State of the Climate in 2018 report shows accelerating climate change impacts

The physical signs and socio-economic impacts of climate change are accelerating as record greenhouse gas concentrations drive global temperatures towards increasingly dangerous levels, according to a new report from the World Meteorological Organization.

The WMO Statement on the State of the Global Climate in 2018, its 25th anniversary edition, highlights record sea level rise, as well as exceptionally high land and ocean temperatures over the past four years. This warming trend has lasted since the start of this century and is expected to continue.

These key climate change indicators are becoming more pronounced. Carbon dioxide levels, which were at 357.0 parts per million when the statement was first published in 1994, keep rising – to 405.5 parts per million in 2017. For 2018 and 2019, greenhouse gas concentrations are expected to increase further.

The WMO climate statement includes input from national meteorological and hydrological services, an extensive community of scientific experts, and United Nations agencies. It details climate related risks and impacts on human health and welfare, migration and displacement, food security, the environment and ocean and land-based ecosystems. It also catalogues extreme weather around the world.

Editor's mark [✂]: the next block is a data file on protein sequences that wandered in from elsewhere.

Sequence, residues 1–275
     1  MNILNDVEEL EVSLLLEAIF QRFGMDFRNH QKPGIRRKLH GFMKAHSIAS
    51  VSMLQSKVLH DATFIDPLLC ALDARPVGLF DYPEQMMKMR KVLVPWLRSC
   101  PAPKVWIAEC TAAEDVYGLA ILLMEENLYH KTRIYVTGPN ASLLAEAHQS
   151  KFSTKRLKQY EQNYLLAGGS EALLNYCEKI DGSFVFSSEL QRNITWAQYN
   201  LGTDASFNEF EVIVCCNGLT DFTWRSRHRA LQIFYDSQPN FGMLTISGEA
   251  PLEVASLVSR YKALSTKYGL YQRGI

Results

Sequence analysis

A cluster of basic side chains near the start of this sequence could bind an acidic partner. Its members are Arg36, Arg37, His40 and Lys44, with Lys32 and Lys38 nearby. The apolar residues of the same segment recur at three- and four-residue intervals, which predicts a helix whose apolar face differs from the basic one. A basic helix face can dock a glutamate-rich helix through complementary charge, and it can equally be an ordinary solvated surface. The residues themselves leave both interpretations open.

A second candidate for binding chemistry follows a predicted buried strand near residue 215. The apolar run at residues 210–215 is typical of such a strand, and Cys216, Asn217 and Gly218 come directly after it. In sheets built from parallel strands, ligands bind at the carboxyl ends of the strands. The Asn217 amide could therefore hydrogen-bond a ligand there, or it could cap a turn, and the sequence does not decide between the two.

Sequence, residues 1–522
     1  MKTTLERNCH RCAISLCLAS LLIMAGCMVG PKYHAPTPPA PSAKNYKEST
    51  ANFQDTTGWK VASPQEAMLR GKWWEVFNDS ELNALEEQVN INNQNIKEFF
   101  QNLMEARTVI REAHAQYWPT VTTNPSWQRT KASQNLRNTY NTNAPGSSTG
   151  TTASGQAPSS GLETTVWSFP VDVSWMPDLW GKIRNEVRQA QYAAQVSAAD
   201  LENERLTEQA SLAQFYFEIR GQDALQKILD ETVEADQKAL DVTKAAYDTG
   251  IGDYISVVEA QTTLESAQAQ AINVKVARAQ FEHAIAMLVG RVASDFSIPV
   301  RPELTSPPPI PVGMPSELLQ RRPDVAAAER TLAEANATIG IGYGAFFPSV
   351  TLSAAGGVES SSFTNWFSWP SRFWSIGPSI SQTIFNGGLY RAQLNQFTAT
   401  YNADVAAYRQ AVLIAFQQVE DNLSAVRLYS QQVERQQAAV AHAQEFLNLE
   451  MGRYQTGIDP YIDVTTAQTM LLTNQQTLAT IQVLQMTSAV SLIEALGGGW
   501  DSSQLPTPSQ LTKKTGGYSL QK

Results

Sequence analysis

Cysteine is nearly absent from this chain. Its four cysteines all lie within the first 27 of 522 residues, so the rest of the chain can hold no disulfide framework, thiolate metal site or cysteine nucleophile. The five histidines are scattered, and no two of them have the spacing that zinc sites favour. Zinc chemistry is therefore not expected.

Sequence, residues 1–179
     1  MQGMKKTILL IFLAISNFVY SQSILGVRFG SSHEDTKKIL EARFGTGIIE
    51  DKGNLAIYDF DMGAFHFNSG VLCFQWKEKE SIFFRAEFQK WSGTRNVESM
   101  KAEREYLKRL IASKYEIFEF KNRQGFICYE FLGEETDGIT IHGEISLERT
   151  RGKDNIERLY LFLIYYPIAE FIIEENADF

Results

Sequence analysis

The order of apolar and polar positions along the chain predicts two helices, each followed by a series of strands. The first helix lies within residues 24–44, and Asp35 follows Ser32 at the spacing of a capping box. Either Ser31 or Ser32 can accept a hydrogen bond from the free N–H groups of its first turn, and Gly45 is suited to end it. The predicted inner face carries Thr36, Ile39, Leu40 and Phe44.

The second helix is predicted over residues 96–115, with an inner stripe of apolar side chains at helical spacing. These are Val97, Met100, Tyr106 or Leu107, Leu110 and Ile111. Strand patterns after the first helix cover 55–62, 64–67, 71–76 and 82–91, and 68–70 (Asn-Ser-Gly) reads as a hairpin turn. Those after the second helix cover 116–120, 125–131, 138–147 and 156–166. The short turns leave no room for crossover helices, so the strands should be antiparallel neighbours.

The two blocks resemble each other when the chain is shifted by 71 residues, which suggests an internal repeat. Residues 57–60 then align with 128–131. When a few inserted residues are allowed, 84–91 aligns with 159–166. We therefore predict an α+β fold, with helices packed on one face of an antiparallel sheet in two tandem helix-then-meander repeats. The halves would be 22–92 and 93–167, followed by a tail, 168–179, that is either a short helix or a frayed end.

“The data released in this report give cause for great concern. The past four years were the warmest on record, with the global average surface temperature in 2018 approximately 1°C above the pre-industrial baseline,” UN Secretary General António Guterres wrote in the report. “There is no longer any time for delay”.

“It is one of my priorities as the President of the General Assembly to highlight the impacts of climate change on achieving the sustainable development goals and the need for a holistic understanding of the socio-economic consequences of increasingly intense extreme weather on countries around the world. This current WMO report will make an important contribution to our combined International action to focus attention on this problem,’’ said  UN General Assembly President María Fernanda Espinosa Garcés.

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